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Indoor Air Pollution: An Old Problem with New Challenges
Open AccessArticle

Measurement of Ultrafine Particles and Other Air Pollutants Emitted by Cooking Activities

1
Texas A&M University-Kingsville, Department of Environmental Engineering, 700 University Blvd. MSC 213, Kingsville, TX 78363, USA
2
The University of Texas at Arlington, Department of Civil and Environmental Engineering, Box 19308 416 Yates St. Suite 425, Arlington, TX 76019, USA
*
Author to whom correspondence should be addressed.
Int. J. Environ. Res. Public Health 2010, 7(4), 1744-1759; https://doi.org/10.3390/ijerph7041744
Received: 28 February 2010 / Revised: 3 April 2010 / Accepted: 14 April 2010 / Published: 16 April 2010
(This article belongs to the Special Issue Indoor Air Pollution and Human Health)
Cooking emissions show a strong dependence on cooking styles and parameters. Measurements of the average ultrafine particle (UFP) concentration, PM2.5 and black carbon concentrations emitted by cooking activities ranged from 1.34 × 104 to 6.04 × 105 particles/cm3, 10.0 to 230.9 μg/m3 and 0.1 to 0.8 μg/m3, respectively. Lower UFP concentrations were observed during boiling, while higher levels were emitted during frying. The highest UFP concentrations were observed when using a gas stove at high temperature with the kitchen exhaust fan turned off. The observed UFP profiles were similar in the kitchen and in another room, with a lag of approximately 10 min. View Full-Text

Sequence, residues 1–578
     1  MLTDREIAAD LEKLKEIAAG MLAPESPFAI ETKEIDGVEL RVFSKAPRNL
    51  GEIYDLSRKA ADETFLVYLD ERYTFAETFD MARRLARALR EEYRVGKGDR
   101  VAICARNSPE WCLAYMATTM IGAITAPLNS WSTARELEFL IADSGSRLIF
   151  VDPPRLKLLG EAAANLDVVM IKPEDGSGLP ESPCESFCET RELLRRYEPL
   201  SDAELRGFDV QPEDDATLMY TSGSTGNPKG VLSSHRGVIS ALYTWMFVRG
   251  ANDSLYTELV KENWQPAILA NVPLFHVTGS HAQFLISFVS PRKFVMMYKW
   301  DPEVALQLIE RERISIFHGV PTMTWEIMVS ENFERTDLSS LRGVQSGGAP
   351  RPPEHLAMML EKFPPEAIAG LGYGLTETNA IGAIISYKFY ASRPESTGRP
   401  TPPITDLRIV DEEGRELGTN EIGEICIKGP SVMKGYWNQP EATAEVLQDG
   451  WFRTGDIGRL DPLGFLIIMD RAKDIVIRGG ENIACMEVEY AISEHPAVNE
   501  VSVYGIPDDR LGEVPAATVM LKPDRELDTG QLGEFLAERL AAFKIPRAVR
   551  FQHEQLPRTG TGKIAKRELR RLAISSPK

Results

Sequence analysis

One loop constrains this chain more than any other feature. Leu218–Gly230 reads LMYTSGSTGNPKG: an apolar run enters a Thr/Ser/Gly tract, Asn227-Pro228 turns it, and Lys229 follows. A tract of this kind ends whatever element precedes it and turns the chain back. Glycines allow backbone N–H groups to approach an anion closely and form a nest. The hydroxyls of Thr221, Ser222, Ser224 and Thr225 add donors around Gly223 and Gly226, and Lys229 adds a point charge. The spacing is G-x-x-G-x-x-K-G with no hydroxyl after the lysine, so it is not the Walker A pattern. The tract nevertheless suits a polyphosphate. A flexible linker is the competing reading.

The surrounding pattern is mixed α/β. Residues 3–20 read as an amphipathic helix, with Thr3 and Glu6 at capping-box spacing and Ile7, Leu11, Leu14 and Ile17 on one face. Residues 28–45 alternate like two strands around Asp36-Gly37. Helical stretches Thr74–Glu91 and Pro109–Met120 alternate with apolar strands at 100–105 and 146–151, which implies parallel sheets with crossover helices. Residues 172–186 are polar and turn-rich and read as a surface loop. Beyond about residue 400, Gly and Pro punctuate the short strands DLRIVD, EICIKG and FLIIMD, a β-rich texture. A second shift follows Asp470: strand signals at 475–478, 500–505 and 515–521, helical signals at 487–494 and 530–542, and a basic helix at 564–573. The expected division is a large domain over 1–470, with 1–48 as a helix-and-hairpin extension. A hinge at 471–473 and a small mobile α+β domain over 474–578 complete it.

Keywords: cooking emissions; cooking style; cooking parameters; spatial profile cooking emissions; cooking style; cooking parameters; spatial profile
MDPI and ACS Style

Zhang, Q.; Gangupomu, R.H.; Ramirez, D.; Zhu, Y. Measurement of Ultrafine Particles and Other Air Pollutants Emitted by Cooking Activities. Int. J. Environ. Res. Public Health 2010, 7, 1744-1759.

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